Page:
Christopher Hitchens has an interesting new article out, reacting to the “muddled” Texas School Board decision which held that “all sides” of scientific theories should be taught. Hitchens writes:
I find myself somewhat drawn in by the quixotic idea that we should “teach the argument.”
But he goes on to say that doing so would
set a precedent for the sharing of the astronomy period with the teaching of astrology, or indeed of equal time as between chemistry and alchemy. Less boring perhaps, but also much less scientific and less educational.
Hitchens’ reasoning here has two key problems.
The first is that the teachers wouldn’t have to teach astrology as true; they could just talk about astrology, and explain why most all scientists reject it. That would be highly educational for the students — instead of just learning the content of current scientific theories, they would learn how scientists go about rejecting theories, and would gain a better understanding of how theory change happens.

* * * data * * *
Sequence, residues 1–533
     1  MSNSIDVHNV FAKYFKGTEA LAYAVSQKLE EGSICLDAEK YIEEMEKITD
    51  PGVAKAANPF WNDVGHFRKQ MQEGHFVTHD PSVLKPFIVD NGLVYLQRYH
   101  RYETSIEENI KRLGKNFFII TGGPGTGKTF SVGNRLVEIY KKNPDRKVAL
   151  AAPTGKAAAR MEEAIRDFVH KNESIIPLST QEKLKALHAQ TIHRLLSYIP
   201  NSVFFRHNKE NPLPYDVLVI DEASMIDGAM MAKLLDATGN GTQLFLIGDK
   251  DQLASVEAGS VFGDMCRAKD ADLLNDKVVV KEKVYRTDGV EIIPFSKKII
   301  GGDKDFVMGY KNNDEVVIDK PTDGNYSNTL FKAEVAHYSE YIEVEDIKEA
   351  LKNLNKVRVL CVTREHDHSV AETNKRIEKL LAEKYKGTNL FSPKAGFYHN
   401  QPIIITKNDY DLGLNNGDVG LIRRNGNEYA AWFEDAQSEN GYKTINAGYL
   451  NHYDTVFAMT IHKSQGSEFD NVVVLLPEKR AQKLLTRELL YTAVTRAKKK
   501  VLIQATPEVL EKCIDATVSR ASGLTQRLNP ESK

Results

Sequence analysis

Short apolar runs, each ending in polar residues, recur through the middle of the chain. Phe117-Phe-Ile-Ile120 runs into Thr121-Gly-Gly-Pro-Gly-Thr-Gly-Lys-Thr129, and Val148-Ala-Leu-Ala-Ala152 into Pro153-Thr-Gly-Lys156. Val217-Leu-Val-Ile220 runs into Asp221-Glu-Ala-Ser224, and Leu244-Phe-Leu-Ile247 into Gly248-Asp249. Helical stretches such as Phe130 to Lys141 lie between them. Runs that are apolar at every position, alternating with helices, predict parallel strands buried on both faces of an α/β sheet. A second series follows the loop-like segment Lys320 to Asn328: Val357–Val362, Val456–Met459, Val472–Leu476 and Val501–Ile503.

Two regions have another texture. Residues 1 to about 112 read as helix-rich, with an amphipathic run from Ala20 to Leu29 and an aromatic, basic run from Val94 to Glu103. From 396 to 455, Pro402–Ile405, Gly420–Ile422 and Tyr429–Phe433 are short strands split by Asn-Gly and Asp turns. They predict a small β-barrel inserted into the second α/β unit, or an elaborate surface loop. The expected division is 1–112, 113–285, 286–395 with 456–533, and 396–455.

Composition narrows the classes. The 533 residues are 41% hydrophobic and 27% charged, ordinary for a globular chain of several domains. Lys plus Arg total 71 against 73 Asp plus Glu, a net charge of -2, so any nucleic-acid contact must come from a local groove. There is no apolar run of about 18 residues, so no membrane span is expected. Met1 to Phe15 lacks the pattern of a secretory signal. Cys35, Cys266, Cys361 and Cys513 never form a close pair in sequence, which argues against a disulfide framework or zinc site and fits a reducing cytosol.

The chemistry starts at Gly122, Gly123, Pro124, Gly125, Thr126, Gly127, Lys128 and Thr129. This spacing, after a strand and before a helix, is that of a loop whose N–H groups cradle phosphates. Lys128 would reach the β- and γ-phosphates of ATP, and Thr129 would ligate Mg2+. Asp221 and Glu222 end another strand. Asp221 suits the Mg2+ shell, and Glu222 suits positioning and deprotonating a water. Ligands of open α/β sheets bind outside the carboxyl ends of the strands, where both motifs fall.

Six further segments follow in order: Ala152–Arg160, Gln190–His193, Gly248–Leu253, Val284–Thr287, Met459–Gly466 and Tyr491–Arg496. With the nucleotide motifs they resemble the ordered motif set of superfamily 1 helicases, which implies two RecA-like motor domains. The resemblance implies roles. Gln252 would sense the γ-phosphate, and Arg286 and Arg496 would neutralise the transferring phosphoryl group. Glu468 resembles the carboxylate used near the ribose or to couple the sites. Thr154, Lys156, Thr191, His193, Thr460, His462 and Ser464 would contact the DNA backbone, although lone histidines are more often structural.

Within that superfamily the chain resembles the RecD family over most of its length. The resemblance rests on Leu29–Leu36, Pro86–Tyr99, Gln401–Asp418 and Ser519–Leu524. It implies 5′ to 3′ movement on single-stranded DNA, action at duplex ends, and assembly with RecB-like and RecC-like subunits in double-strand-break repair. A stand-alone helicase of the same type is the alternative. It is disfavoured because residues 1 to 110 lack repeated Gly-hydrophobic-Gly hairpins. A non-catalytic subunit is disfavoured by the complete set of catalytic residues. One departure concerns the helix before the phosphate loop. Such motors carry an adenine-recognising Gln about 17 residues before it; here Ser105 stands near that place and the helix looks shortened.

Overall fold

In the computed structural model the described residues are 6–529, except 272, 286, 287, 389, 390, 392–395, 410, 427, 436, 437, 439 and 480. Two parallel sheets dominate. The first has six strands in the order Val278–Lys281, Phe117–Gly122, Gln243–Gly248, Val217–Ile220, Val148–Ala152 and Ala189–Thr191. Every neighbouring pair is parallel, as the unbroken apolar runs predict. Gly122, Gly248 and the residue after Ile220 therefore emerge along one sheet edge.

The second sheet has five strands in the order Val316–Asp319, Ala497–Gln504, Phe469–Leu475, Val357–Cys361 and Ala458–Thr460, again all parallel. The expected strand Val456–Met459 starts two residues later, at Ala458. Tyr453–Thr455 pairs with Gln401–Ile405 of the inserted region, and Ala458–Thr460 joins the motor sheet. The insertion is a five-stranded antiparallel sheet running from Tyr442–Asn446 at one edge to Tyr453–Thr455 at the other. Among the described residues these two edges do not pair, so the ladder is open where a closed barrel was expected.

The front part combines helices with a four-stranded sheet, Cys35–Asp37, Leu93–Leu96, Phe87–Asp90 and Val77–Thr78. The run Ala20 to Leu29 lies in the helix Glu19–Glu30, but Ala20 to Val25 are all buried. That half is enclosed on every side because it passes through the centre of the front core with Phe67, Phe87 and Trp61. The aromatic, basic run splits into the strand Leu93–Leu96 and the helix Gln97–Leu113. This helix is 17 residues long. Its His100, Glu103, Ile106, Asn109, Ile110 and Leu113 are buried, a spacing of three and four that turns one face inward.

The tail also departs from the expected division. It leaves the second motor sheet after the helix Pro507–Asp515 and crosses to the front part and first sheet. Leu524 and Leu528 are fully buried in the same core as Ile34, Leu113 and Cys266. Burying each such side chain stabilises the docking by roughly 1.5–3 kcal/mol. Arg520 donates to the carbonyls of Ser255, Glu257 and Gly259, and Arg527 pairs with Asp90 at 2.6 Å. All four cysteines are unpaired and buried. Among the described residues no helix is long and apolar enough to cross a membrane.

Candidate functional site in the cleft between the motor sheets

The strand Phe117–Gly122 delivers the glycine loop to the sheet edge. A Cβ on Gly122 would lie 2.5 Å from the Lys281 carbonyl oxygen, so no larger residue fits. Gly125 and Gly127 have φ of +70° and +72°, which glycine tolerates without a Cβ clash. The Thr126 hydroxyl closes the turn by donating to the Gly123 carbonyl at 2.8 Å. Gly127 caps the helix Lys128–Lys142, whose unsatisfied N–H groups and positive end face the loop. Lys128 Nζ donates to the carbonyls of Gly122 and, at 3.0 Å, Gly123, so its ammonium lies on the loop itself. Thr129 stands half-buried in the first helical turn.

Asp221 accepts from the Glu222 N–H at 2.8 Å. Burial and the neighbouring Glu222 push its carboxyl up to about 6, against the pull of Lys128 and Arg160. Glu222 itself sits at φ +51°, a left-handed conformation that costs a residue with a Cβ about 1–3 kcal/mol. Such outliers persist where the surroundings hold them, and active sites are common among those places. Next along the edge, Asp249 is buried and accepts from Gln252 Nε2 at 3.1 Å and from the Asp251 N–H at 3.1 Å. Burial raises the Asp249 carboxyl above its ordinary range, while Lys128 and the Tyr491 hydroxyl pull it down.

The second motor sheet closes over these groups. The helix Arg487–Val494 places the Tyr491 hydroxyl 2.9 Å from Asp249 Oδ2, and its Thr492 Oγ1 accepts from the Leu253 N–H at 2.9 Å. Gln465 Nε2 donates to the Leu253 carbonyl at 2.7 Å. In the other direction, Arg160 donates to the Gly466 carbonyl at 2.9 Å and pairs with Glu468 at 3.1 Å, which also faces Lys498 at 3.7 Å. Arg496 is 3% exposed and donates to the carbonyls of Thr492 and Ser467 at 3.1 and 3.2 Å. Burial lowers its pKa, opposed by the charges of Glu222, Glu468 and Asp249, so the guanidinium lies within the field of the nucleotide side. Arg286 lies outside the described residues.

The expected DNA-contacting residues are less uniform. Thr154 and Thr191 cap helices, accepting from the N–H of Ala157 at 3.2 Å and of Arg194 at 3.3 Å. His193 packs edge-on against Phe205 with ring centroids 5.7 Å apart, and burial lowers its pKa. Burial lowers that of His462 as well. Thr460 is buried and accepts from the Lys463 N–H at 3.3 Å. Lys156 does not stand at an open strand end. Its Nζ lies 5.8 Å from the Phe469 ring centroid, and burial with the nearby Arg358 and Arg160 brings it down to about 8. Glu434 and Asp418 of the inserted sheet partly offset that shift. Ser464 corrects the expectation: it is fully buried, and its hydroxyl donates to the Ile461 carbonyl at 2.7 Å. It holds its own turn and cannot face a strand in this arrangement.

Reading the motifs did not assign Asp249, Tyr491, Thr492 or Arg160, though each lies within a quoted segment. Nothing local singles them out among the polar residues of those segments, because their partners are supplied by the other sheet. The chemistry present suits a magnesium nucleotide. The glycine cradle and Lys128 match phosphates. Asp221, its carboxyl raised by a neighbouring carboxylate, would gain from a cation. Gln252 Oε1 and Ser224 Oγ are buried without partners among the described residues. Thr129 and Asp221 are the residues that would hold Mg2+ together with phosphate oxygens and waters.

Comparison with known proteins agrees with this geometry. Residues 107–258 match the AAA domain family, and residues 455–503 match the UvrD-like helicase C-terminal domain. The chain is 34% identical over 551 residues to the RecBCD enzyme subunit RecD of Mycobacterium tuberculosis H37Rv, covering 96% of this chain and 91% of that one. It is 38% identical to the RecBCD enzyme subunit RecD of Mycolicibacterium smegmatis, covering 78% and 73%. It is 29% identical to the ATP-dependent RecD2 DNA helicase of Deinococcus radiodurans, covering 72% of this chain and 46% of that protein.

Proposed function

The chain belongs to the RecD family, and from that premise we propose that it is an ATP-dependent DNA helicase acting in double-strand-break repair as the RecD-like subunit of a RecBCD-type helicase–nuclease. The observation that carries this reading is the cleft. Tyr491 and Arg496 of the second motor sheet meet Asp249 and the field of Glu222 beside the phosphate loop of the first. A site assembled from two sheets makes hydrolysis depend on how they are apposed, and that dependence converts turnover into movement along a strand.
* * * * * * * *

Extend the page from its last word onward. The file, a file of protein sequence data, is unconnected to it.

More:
Second, the sophisticated proponents of the “teach the controversy” line of thought aren’t supporting “equal time” at all. They can happily admit that most of the time in the classroom should be spent on learning standard scientific theories; the question is whether any time at all should be devoted to astrology, or alchemy, or intelligent design. The Dover trial, after all, was about a 60 second mention of intelligent design in a biology classroom. The debate isn’t about whether intelligent design should get equal time; the debate is about whether intelligent design should get 60 seconds.